Personal Finance

Creating money systems that work

“Everything must be made as simple as possible, but not simpler.” – Albert Einstein

When you think about it, there are a lot of aspects of our life that run based on systems. The time we get up each morning, the routine before we leave the house, our route to work or school, the shows we watch on TV or listen to on the radio. Each of these is part of a system we’ve created for ourselves and each of them depends on ingrained habits to ensure they run smoothly.

We get up each day at the right time because we set an alarm. We show up to our meetings on time because we put them into our calendars. We know how long it takes us to get from home to work because we take the same route at roughly the same time every day and so we know what time we should be leaving home in order to get to work on time. The knowledge and the habits that we build our systems on mean that we don’t have to think about the process itself which frees up more time to focus on other things.

Money systems

I’ve learned from my own money journey that not having money systems in place can create a lot of unnecessary financial stress when it comes to managing money and can lead to a lot of missed opportunities when it comes to building wealth. Over the past few weeks, I’ve facilitated a number of workplace education sessions centered around the key principles of wealth building and money management and conducted a lot of individual sessions with employees looking for help with their finances.

Related article: Habits of Wealthy Canadians

No matter what the employee’s age or circumstances, in almost every case, the action steps they needed to take to reach their goals could be systemized in order to increase their chances of success. It’s been said more than once on this site that managing money and creating wealth is simple (usually with the caveat that simply doesn’t necessarily mean easy). Systemizing the action steps needed to achieve your goals is a key ingredient in the recipe for success.

Related article: The key to implementing your financial goals

Systemize your cashflow

I remember when I first started working for my dad at 15, I would get my weekly wages in cash. The money would come in a small brown envelope accompanied by a handwritten record of the hours worked, wages paid and deductions are taken. Now, my salary is calculated by a payroll software program and deposited directly into my bank account twice a month. Technology such as online banking and internet transfers makes it extremely easy to keep track of spending and to set up automatic payments for bills and savings.

Related article: It’s important to track your spending

Systemizing my payments has made managing money a lot easier and saves me a lot of time. I use a basic spreadsheet I call the “paycheque tracker” to keep track of my monthly outgoings and because I get paid twice a month I list which bills will be paid by each paycheque and how much of each paycheque will go to savings. Every dollar has a purpose: my RRSP dollars come right off my paycheque, the dollars intended for savings automatically leave my bank account on payday and every bill gets paid on the closest payday regardless of its actual due date.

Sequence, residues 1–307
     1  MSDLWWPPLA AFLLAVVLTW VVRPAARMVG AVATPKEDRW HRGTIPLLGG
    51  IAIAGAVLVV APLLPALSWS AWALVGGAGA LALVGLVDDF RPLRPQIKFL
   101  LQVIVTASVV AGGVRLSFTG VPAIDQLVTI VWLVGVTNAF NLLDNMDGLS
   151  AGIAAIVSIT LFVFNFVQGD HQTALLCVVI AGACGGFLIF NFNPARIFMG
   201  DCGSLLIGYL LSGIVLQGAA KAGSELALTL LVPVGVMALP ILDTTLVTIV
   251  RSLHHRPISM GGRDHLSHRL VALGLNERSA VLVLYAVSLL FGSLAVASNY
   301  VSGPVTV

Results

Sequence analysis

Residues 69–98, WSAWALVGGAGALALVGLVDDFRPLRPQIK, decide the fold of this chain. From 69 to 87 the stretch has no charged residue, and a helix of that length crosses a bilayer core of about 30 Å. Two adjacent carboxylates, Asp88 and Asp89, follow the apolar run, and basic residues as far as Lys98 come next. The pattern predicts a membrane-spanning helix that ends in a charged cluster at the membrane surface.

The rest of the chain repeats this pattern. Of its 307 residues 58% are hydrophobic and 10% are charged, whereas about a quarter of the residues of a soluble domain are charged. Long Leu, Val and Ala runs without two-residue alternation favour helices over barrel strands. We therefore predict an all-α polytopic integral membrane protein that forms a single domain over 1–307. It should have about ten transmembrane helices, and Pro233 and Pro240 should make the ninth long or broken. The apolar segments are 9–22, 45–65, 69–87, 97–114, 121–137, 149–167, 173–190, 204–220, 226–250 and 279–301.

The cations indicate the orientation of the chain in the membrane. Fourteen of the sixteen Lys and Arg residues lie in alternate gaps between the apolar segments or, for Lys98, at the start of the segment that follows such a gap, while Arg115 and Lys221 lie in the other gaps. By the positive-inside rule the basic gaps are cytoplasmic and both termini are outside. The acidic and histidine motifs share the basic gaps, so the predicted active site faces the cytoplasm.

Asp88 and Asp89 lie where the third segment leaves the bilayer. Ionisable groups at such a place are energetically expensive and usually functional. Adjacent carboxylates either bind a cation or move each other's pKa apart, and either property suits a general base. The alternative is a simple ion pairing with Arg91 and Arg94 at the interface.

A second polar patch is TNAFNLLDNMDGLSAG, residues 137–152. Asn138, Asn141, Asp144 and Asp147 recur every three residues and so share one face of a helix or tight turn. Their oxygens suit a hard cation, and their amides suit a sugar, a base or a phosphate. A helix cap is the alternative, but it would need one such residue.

Related article: The power of Pay yourself first

This means that whatever is in my account the day after payday is meant for groceries and entertainment, I don’t have to worry about accidentally spending my hydro money on shoes! I have a slush fund and a contingency fund for unexpected expenses but neither of them is connected to my debit card so I can’t be tempted into splurging – sometimes the best systems are the ones that protect us from ourselves!

Systemize your investments

Investors tend to fall into two groups. At one end of the spectrum, there are active investors; those people who love managing, watching and researching investments. On the other end, there are passive investors; people who care about their investments but who aren’t really excited or interested enough to pay a lot of attention to their investment accounts. Passive investors are definitely in the majority, so if this is the category of investor you fall into, don’t feel bad… you are certainly not alone!!

A solid investment portfolio needs to be diversified and allocated according to the goals, risk tolerance and time horizon of the investor. For passive investors, there are target-date funds and asset allocation funds that are designed to take care of these needs and provide peace of mind for those who prefer a more “hands-off” approach to invest.

For the active investors who prefer to build their own portfolios, there are systems you can put in place that will automatically rebalance your portfolio at given intervals, helping you “buy low and sell high” no matter how the markets are performing.

Related article: Understanding the art of rebalancing your portfolio

For me, the money systems I’ve put in place, are intended to make sure I’m consistently paying myself first, building a buffer zone and staying on top of my bills. I’m very aware of how my own money psychology can trip me up if I’m not paying attention or get too busy and so I’ve tried to create systems that compensate for the areas where I’m likely to get off track. Even though each person’s goals, motivators, and circumstances are individual, we can each create money systems that help us stay on track and make getting to our goals a little easier.

What money systems do you use to help you reach your financial goals?

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